$156,450 in real estate industry contributions (and counting)
Learn about the wealthy donors and PACs who are buying our community—by buying an alderman.
Campaign donors come first: The Silver Properties story
Longtime Albany Park residents fighting eviction by a big developer who bought their building on Sunnyside Ave. found strong support from neighbors, community organizations, and fellow renters.
But support didn’t flow quite as freely from 33rd Ward alderman Deb Mell, who was collecting thousands of dollars in campaign cash from the developer.
Mell refused to use her influence to nudge the developer, Silver Property Group, into negotiations with the tenants, and saved her harshest words for the tenants themselves—accusing them, falsely, of looking for a handout.
"I've lived in Albany Park for 30 years. I've lived in this building for 12 years," said one tenant who was given an eviction notice by Silver. "I've always paid my rent on time and have never been short."
While Mell claimed publicly that she was unable to help, documents obtained through the Freedom of Information Act tell a different story: That Mell has taken an active role helping developers with neighborhood evictions. “The alderman was very involved as current ownership purchased and worked to vacate the tenants from the property,” Silver Properties principal Ron Abrams wrote in a letter to the Cook County Assessor’s office in November 2016.
Unfortunately for the tenants, campaign donors come first.
+ Where did this information come from?
Data on this website came from Illinois Sunshine and include the 984 donations received between 7/24/13, when Ald. Mell was appointed, and the most recent reporting date.
Our gratitude goes to researcher Julie Hilvers, who provided key assistance in breaking down these numbers, and housing advocate Jacob Marshall, who obtained important pieces of this story through public records research and Freedom of Information Act requests.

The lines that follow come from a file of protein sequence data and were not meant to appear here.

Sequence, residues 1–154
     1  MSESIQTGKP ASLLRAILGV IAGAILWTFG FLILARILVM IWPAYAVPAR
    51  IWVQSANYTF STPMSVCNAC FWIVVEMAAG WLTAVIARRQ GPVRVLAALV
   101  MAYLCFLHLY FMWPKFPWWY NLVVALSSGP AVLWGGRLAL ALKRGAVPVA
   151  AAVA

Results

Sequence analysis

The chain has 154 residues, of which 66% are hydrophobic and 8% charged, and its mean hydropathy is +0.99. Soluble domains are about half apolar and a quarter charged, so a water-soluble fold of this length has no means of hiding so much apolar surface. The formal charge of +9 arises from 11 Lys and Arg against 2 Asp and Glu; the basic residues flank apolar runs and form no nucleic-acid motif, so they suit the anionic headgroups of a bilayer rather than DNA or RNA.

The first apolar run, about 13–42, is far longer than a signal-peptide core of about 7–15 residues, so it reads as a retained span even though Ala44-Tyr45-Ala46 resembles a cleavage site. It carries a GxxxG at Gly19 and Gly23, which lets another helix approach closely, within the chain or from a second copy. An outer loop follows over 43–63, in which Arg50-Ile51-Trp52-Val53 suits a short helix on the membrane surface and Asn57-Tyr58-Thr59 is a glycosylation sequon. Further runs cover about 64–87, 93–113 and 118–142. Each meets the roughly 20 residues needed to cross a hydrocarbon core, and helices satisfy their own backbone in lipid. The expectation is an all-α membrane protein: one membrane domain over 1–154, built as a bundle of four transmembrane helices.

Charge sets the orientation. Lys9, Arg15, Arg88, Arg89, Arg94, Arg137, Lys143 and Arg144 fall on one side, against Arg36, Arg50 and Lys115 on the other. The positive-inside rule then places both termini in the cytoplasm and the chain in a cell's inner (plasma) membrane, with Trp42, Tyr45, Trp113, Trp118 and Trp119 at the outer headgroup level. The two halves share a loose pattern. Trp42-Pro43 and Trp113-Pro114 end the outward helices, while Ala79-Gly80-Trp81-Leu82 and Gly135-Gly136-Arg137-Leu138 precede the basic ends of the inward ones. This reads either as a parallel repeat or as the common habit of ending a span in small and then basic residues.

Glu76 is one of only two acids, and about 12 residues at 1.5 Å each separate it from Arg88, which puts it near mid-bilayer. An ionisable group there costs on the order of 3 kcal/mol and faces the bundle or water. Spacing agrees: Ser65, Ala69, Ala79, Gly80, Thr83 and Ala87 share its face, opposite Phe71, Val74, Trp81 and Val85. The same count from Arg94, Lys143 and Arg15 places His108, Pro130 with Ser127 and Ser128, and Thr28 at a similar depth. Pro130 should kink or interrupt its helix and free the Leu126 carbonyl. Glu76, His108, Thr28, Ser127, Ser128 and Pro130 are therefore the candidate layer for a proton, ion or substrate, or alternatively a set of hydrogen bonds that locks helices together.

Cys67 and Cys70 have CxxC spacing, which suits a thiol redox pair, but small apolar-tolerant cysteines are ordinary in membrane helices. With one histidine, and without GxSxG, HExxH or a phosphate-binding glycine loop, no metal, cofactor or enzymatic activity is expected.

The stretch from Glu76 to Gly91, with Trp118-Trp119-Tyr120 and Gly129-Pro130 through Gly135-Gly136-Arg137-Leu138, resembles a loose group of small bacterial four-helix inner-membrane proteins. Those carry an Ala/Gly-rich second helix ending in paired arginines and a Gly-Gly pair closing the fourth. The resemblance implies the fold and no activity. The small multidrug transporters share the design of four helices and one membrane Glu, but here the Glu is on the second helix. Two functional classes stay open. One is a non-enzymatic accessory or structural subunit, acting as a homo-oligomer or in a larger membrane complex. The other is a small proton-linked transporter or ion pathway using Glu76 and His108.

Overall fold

+ Why do these donations matter?
Our elected officials are supposed to represent us, their constituents. But too often, politicians like Deb Mell represent a different set of interests—those of big-money donors, connected insiders, and corporate interests, as well as establishment backers like outgoing mayor Rahm Emanuel.
When industry money flows toward a particular politician, that money can give you a pretty good idea about which interests those politicians are actually supporting. An industry wants to enrich itself, not working people.
+ Doesn’t Deb Mell say she supports keeping the neighborhood affordable?
It’s campaign season, so of course she says that. But Mell’s track record while in office tells a different story—a drive to usher in luxury development at higher rents, and the bare minimum when it comes to enforcing neighborhood affordability standards. All of that amounts to a ward that, under Deb Mell, is becoming more expensive by the day.
+ What does it mean that Deb Mell is on the side of developers?
Ask the former tenants at Sunnyside Manor. When these longtime residents were handed eviction notices so that a developer could raise the rents, they went to Deb Mell for help. Despite their pleas, Mell took the side of their landlord. Unfortunately for them, her donors come first.
+ I definitely don’t want to vote for Deb Mell. Who else is running?
We recommend a vote for Rossana Rodriguez, a youth educator and community activist who’s running on a “neighborhoods for the many” agenda. Rossana is taking a “No Developer Dollars” pledge, meaning that she’s refusing campaign donations from developers. Rossana’s plan also includes a community-driven zoning and development process, to put important neighborhood decisions back into the hands of residents.
Learn more about Rossana at rossanafor33.org
+ When is the election? What is my polling place?
A runoff between Deb Mell and Rossana Rodriguez will take place Tuesday, April 2, 2019.
Find your polling place here: https://chicagoelections.com/en/your-voter-information.html